B-ENT
Original Article

Endoscopic detection of bleeding sites in patients with epistaxis

1.

Department of Ear Nose and Throat Surgery, Usmanu Danfodiyo University Teaching Hospital, Sokoto, Nigeria

B-ENT 2020; 16: 15-18
DOI: 10.5152/B-ENT.2020.19083
Read: 295 Downloads: 167 Published: 12 June 2020

Objective: Epistaxis is a common, life-threatening, otorhinolaryngological condition. This study aimed to evaluate the use of nasal endoscopy for identifying bleeding sites in the nasal cavity and nasopharynx of patients with epistaxis.

Methods: We enrolled 126 patients who underwent a rigid nasal endoscopic examination with 0° and 30° endoscopes and a routine anterior rhinoscopy. Findings were compared using Kappa statistics.

Results: We found strong agreement (k=1.0) between the nasal endoscopy and anterior rhinoscopy methods in detecting bleeding sites in the anterior nasal cavity but no agreement (k=0.0) in detecting posterior nasal bleeds. At sites that extended through both the anterior and posterior nasal cavities, anterior rhinoscopy detected only 74.2% of the bleeding sites detected with rigid endoscopy. Nasal endoscopy revealed that right unilateral epistaxis (n=56 patients, 44.5%) occurred more frequently than left epistaxis (n=44, 34.9%) and bilateral epistaxis (n=26, 20.6%). Moreover, nasal endoscopy revealed that most bleeds occurred at anterior sites (n=95, 75.4%); however, a number of bleeds occurred at posterior sites (n=25, 19.8%) or in the nasopharynx (n=5, 4.0%). In one (0.5%) patient, the bleeding site was not visible; this patient was referred with nasal packing in situ.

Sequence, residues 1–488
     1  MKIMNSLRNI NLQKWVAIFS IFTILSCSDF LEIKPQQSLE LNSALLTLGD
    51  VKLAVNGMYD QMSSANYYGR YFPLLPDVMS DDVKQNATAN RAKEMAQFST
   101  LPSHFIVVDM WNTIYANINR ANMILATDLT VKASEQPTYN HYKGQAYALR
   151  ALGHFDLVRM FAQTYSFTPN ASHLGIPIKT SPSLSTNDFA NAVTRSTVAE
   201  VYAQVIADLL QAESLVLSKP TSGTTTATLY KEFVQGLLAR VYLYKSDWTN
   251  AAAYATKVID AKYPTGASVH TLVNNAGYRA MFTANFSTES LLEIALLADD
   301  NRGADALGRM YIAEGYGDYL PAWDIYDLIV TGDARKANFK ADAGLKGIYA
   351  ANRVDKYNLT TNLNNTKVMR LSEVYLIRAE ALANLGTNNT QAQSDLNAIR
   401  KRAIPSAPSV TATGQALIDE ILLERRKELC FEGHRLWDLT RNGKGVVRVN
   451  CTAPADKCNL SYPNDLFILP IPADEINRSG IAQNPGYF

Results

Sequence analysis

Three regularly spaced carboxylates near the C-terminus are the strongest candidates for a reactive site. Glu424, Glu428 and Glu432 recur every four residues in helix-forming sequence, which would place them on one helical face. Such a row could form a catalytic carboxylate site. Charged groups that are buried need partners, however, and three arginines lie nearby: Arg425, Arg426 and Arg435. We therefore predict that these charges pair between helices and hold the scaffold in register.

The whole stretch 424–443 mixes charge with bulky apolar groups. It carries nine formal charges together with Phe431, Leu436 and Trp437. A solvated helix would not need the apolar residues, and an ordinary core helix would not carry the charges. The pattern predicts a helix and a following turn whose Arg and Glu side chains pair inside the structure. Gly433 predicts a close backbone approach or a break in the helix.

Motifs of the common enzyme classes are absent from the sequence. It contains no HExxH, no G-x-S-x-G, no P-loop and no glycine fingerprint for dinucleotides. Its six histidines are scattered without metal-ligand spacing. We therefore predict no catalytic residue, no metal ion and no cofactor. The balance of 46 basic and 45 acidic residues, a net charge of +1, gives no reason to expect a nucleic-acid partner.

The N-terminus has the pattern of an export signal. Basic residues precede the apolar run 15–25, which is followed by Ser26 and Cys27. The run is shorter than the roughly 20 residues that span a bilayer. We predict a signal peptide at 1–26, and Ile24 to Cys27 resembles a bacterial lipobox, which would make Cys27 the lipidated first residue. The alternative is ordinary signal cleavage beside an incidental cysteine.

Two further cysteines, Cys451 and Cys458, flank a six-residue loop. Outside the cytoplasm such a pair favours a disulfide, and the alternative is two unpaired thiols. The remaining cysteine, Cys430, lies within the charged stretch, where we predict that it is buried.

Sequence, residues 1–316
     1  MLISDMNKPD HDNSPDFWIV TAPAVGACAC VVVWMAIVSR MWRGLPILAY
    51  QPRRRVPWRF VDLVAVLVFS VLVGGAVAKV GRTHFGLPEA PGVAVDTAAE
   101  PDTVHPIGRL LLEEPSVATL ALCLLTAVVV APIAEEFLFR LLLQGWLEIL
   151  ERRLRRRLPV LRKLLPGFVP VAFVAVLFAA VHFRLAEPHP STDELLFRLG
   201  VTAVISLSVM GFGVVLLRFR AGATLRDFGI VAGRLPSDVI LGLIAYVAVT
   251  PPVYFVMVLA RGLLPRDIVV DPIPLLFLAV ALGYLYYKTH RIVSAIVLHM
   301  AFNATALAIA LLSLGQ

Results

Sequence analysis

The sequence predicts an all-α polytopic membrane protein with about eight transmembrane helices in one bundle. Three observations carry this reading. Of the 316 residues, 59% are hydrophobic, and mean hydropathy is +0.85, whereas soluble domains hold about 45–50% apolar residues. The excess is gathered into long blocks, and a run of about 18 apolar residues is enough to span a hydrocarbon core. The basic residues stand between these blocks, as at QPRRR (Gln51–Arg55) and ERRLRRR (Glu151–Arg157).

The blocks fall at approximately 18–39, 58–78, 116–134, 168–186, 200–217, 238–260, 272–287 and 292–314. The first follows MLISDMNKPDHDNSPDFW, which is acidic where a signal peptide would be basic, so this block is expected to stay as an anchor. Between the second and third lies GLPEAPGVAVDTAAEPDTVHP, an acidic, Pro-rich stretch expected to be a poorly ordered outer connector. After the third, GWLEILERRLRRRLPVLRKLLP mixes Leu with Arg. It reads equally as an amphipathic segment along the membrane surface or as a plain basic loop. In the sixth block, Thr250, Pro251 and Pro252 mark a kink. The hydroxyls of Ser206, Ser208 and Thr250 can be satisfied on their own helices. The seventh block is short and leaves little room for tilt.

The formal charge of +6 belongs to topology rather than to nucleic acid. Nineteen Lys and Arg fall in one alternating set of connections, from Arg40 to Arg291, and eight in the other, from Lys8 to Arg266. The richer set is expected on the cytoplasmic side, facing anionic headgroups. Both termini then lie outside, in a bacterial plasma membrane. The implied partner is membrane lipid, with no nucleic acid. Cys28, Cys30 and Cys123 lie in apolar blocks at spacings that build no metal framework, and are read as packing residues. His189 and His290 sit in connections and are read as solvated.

Conclusion: This study showed that the use of nasal endoscopy aided in identifying bleeding sites in the nasal cavity and nasopharynx, which could not be detected with routine anterior rhinoscopy. Hence, nasal endoscopy facilitated prompt treatment. This approach might obviate the need for blood transfusions and thus reduce hospital stays and costs.

Cite this article as: Adeyeye FM, Iseh KR, Yikawe SS, Aliyu D. Endoscopic detection of bleeding sites in patients with epistaxis. B-ENT 2020; 16(1): 15-8.

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